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I have a Deep Blue wet/dry sump (very similar to the Eshopps wd-300) on my 90 gallon African Cichlid tank. The drip tray it comes with has 3/8" holes which I cover with a piece of filter floss, and underneath it I have some Poret foam, then bio balls, and then submerged some bio home media. I find that the water trickling down over the bio balls is just concentrated in a few streams and there seems to be lots of dry spots on the balls. Does anyone have tips on how to better diffuse the water evenly over all the bio balls? Maybe a different type of drip tray, or more smaller holes?
 

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How is the water coming into the drip tray from the aquarium, is it centered over the drip tray, off to the side and what size pipe?
 

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Just winging it here but you could use some plastic peg board (more expensive) or plastic canvas (cheap) made for crafts and use that on the bottom of the drip tray as the holes are smaller.

Try using Polyfil traditional batting instead of filter floss as it may help the water spread better as it clogs up.

Hopefully someone with experience comments with suggestions for you.
 

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Hello,
I have always made my own sump out of old, scratched up aquariums (former reptile enclosures were the usual source...). If you can adapt the hose coming down from the tank to the drip tray, I would recommend fitting a PVC spray bar kind of thing on the end of the hose. My own spray bars looked like an upside down 'T', and the PVC pipe had holes drilled on both sides of it. The spray bar/PVC pipe was measured and fitted to go from one corner of the drip tray to the other, in a kind of diagonal arrangement. Sited on top of the pre-filter foam, those improvised spray bars worked great to spread the water better across that foam layer, and to put more even water flow over the wet dry filter media sited underneath.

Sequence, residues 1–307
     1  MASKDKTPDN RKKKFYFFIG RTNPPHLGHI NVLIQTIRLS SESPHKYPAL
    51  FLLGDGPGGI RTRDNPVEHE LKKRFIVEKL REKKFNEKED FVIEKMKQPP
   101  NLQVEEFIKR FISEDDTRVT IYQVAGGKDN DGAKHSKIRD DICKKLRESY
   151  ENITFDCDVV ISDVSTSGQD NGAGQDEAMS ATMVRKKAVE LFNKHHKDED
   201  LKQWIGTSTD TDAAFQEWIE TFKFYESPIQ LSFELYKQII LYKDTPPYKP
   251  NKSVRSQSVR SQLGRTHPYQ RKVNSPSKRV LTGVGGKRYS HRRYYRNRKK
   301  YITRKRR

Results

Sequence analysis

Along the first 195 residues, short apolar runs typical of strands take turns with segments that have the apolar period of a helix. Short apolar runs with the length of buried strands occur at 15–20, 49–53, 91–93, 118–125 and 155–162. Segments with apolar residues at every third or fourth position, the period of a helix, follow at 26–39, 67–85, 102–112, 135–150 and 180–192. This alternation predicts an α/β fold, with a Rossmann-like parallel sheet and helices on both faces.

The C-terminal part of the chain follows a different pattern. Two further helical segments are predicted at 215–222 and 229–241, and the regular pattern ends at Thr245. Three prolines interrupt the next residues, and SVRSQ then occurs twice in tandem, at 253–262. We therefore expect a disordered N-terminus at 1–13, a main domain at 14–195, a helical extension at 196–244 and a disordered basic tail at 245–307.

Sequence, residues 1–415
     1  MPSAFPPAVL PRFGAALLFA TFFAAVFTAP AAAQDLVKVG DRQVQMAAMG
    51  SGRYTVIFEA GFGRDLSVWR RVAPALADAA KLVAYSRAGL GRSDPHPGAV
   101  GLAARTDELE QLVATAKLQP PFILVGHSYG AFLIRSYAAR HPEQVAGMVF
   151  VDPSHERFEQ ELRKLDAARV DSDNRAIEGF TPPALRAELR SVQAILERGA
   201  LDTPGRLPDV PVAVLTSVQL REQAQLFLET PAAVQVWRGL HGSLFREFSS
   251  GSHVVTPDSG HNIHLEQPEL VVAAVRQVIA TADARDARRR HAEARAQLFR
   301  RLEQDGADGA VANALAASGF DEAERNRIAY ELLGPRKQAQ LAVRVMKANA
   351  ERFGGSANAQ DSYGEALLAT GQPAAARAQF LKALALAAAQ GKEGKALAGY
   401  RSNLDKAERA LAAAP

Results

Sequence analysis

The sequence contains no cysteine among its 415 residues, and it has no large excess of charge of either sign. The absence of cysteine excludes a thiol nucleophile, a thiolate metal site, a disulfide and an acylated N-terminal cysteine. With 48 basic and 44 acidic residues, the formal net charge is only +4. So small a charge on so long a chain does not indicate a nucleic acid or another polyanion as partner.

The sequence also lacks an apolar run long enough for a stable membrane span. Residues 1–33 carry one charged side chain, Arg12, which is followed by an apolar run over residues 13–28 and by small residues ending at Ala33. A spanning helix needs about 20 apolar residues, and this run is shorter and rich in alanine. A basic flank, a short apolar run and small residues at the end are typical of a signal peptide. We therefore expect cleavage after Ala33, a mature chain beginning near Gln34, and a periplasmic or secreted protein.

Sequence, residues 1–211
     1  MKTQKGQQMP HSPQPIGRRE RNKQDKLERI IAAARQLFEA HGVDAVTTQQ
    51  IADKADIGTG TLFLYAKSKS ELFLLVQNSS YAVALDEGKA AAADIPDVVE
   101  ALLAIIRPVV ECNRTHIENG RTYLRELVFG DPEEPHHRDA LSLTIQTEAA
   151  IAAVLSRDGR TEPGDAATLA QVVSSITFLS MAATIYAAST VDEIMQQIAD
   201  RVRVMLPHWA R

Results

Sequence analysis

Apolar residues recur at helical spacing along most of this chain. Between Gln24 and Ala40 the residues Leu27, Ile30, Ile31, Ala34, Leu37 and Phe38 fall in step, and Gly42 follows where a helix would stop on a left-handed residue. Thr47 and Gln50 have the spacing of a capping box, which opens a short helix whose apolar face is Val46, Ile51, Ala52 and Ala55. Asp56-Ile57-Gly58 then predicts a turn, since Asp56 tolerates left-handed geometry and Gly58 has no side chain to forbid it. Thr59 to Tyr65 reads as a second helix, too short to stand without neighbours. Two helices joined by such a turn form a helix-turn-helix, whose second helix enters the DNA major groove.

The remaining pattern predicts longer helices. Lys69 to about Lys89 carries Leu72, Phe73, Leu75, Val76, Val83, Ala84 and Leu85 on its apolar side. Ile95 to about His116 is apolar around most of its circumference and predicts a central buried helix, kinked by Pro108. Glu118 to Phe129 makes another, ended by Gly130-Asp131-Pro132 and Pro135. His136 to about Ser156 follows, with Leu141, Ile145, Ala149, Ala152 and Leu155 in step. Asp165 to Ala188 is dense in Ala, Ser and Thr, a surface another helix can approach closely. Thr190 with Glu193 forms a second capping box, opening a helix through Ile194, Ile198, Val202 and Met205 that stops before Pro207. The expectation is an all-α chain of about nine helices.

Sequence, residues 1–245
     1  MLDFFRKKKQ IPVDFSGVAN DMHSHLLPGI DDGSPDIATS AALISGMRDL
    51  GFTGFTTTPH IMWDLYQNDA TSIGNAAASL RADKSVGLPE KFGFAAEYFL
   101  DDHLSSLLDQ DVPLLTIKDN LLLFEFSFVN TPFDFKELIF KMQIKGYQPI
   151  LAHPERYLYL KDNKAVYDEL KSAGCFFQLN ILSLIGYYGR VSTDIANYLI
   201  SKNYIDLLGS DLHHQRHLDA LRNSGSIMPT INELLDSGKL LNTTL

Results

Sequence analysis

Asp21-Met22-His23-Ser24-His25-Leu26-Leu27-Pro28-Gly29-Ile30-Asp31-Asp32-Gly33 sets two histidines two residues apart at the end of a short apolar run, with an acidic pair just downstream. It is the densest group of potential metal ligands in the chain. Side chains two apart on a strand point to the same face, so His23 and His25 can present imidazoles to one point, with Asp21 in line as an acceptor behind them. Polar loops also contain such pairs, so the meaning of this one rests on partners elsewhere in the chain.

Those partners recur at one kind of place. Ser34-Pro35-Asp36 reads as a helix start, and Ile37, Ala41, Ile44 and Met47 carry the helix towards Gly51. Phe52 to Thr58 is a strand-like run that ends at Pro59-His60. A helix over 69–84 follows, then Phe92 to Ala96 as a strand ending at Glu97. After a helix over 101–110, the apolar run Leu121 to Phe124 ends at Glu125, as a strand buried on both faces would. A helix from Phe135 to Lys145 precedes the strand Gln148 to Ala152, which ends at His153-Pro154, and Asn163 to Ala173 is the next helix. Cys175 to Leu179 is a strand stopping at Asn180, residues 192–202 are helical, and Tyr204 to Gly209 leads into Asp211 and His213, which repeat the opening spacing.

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Problems:
- How crafty are you? Figuring out how to adapt the flex hose thing you have now to a PVC fitting could be a little challenging, (my homemade sumps were easier, as I used vinyl tubing to connect the aquarium to the sump).
- Noise! Sumps just aren't very quiet anyway. And unfortunately, the PVC spray bar seemed to make more of the gurgling/splashing water noises commonly associated with sumps well, worse. I resorted to putting sheets of blue-white pond filtration foam on top of the PVC spray bar to cover the holes a bit. That helped, but it was still a little noisy.
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Hope this helps! Sumps are a great way to go in ensuring enough filtration is available to support heavily stocked (over-stocked?) African Mbuna aquariums. From saturating the water with oxygen, to proving unmatched efficiencies in Biological filtration and providing hidden heat and other things for the aquarium, those noisy old bubbling, gurgling sumps definitely have their place. :)
 
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